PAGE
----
At the outset, I struggled a bit with some of the technical terms, looking up “plimsol line” and a couple of others, but by the 15% mark I had my legs under me, so to speak, and felt more confident. Soon thereafter, however, the nasty references to gender and race came into it. I looked back at the copyright; since this author, highly respected in the UK and winner of awards, was born in 1932, might this be a digital release of a very old book? But not so much: the original copyright date was 1991. Perhaps Dame Bainbridge felt that ugly racist terms might provide some flavor here. Likewise, the women included here, generally wives of the men involved that were tucked safely away at the base camp, were carping or hysterical, squabbled with one another, and Mrs. Scott, the only woman with any character at all according to the narrative, kept insisting that she hated women.
The plot is rugged and gruesome. If not for the issues just mentioned, I might compare the writing to that of Jack London, fascinating for those that love the adrenaline rush of life-or-death adventures, but too grisly for me. There’s some good work with figurative language and at times the scenes are tremendously visceral. Yet at times the pace actually plods along rather slowly for a book of its kind, and so I find myself wondering how this writer managed to be recognized by the queen; that is true, at least, until I find the following passage:
“It’s difficult for a man to know where he fits in any more. All the things we were taught to believe in, love of country, of Empire, of devotion to duty, are being held up to ridicule. The validity of the class system, the motives of respectable, educated men are now as much under the scrutiny of the magnifying glass…”
Well, perish the thought!
If not for the racism and sexism I’d call this a three star read. If an Antarctic expedition thrills you and you have the stomach for the…never mind. I can’t finish that sentence without scrunching up my face and squinting, so let’s go with the bare truth: I don’t recommend this book to anybody.
Best known by the pseudonym Ed McBain, Richard Marsten, the name under which this book was originally scribed in 1958, was born as Salvatore Lombino. I was a huge fan of McBain’s, and every time I see some small thing he wrote that I haven’t had a chance to read yet, I snap it up. And so it was with this DRC, which I received compliments of Net Galley and Open Road Media. But once I reached the halfway mark, I felt sort of queasy and couldn’t continue. I suspect that much of what he wrote as Marsten might as well be left in whatever obscure attic corner it’s perched in, because society has moved forward since the 1950s, and this book is still there.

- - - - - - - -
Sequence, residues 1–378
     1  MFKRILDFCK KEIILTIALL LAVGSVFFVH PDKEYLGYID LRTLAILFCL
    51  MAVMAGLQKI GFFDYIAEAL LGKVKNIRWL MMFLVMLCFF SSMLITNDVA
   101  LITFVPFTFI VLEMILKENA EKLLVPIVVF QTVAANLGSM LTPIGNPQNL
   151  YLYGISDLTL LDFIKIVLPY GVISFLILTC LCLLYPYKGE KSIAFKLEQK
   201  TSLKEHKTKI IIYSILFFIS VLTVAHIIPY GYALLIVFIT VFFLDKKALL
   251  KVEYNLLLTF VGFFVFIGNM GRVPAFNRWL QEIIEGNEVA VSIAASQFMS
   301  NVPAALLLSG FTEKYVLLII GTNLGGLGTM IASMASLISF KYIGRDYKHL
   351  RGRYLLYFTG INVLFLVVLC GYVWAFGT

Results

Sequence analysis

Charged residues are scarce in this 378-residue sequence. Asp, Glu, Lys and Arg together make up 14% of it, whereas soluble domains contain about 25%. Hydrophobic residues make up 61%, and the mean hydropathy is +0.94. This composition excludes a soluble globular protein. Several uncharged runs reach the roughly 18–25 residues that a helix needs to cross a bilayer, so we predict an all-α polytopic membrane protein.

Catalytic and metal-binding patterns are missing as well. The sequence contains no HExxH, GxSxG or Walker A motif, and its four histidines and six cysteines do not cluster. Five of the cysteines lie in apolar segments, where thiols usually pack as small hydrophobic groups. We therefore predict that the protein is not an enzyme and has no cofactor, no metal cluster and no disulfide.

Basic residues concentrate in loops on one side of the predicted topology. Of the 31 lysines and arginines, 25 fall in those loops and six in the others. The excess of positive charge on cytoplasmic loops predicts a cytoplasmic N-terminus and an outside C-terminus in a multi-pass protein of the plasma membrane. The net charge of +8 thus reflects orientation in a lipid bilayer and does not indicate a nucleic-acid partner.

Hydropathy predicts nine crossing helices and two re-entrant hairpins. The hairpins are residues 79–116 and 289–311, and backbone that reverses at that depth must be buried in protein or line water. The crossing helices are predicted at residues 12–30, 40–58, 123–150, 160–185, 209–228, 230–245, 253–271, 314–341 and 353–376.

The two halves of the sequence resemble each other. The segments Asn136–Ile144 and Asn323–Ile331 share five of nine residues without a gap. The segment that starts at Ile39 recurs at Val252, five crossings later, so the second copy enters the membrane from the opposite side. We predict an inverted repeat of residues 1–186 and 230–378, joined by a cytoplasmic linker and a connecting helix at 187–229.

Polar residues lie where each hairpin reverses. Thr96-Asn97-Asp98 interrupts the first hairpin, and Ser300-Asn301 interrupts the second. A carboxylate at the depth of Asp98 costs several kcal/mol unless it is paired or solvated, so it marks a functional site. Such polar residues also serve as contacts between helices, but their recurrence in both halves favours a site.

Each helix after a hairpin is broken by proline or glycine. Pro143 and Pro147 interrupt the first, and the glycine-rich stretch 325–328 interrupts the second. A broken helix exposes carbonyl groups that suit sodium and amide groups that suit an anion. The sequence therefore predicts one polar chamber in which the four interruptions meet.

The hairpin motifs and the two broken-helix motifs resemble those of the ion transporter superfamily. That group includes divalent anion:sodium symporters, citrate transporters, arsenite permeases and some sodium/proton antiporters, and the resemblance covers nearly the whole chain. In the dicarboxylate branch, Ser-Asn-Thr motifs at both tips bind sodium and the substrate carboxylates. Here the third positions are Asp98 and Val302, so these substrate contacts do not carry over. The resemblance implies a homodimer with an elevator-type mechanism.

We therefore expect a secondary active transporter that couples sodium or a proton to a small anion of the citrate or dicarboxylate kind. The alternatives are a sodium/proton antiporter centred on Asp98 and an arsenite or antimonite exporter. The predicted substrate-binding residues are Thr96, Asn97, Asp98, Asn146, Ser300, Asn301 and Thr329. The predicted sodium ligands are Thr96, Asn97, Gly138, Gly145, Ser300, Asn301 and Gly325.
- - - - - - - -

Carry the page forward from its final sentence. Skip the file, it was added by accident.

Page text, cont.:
The re-publication date for this book is October 25, 2016.
The premise is this. Our protagonist, Zach, is returning to the beach house where he and his now-deceased wife stayed on their wedding night. He brings their little girl Penny along with him. Before he can commence to do any sleuthing, however, the real estate concern that rented the place to him tells him it’s been taken by someone else. Zach isn’t going down easily for two reasons: first, he wants to see if his suspicion regarding the possible murder of his wife is true, and second, he’s already paid in full for the entire stay. The story starts with the excellent, tense build up that would become Lombino-Marsten-McBain-Hunter’s hallmark. I rolled up my sleeves and snuggled in.
And then bit by bit it all went to hell.